However, whole-brain analysis methods, as commonly applied in network neuroscience, often fail at what Hallquist and Hillary (Hallquist & Hillary, 2018) refer to as “matching theory to scale.” This refers to the fact that whole-brain network analysis methods operate at a global resolution, while relevant differences might be very localized. In other words, there may be differences at a local scale (i.e., within a single subnetwork) that would be missed when calculating a single, whole-brain summary measure that describes global topology. Conversely, observed global differences in topology could be driven by a specific local difference (i.e., an observed overall difference in network integration could be driven by a difference limited to a single subnetwork). This mismatch in resolution, therefore, could obscure meaningful differences in network structure. While local network statistics, such as participation coefficient of a single node, can be used to identify local differences of interest, these local statistics do not directly assess a localized difference in global topology, and as such are not ideal for matching a global theory to a local scale. In the present manuscript, we develop the network statistic (NS) jackknife as a general method to localize global network statistics across a variety of network metrics and brain features of interest, thus allowing researchers to better address this resolution issue.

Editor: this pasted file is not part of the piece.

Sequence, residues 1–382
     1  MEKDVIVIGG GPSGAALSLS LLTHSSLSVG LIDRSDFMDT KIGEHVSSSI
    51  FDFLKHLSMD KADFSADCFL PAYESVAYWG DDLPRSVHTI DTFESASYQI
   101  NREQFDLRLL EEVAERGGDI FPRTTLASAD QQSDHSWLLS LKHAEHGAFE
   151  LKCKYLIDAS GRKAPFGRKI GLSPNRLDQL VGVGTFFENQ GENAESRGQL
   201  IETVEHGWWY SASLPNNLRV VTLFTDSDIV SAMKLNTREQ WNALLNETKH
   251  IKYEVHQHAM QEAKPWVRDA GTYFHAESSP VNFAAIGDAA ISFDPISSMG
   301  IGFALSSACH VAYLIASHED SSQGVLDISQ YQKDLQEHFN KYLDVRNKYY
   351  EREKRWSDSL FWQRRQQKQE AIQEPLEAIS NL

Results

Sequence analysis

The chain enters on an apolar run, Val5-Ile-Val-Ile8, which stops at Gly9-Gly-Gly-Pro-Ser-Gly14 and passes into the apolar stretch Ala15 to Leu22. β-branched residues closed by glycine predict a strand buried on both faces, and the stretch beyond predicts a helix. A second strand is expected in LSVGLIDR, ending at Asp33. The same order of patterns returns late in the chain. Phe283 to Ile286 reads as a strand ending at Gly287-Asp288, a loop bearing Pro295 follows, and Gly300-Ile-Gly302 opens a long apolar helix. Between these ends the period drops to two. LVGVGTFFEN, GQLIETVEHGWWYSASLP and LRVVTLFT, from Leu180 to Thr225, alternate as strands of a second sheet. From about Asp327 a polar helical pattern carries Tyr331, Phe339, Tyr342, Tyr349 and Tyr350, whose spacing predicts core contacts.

The NS jackknife method (available for use at https://cran.r-project.org/package=netjack) proposed here allows researchers to identify specific brain regions, connections, or subnetworks (i.e., local features) that drive global network analysis results or, conversely, that are not detected by global network analysis. By doing so, our method can detect local differences in network structure using the same summary metrics that a global analysis would use, as opposed to relying on local metrics that do not explicitly link to the global metrics in question. This approach bridges the gap between a global and a local scope of analysis by allowing researchers to apply global analysis strategies in a way that reveals differences at local scopes, even when those differences would not be detected with the global analysis method. We evaluate the performance of the NS jackknife with a simulation study and demonstrate the utility of this method with an empirical example comparing resting-state brain network organization in children with attention-deficit/hyperactivity disorder (ADHD) and age-matched typically developing (TD) children.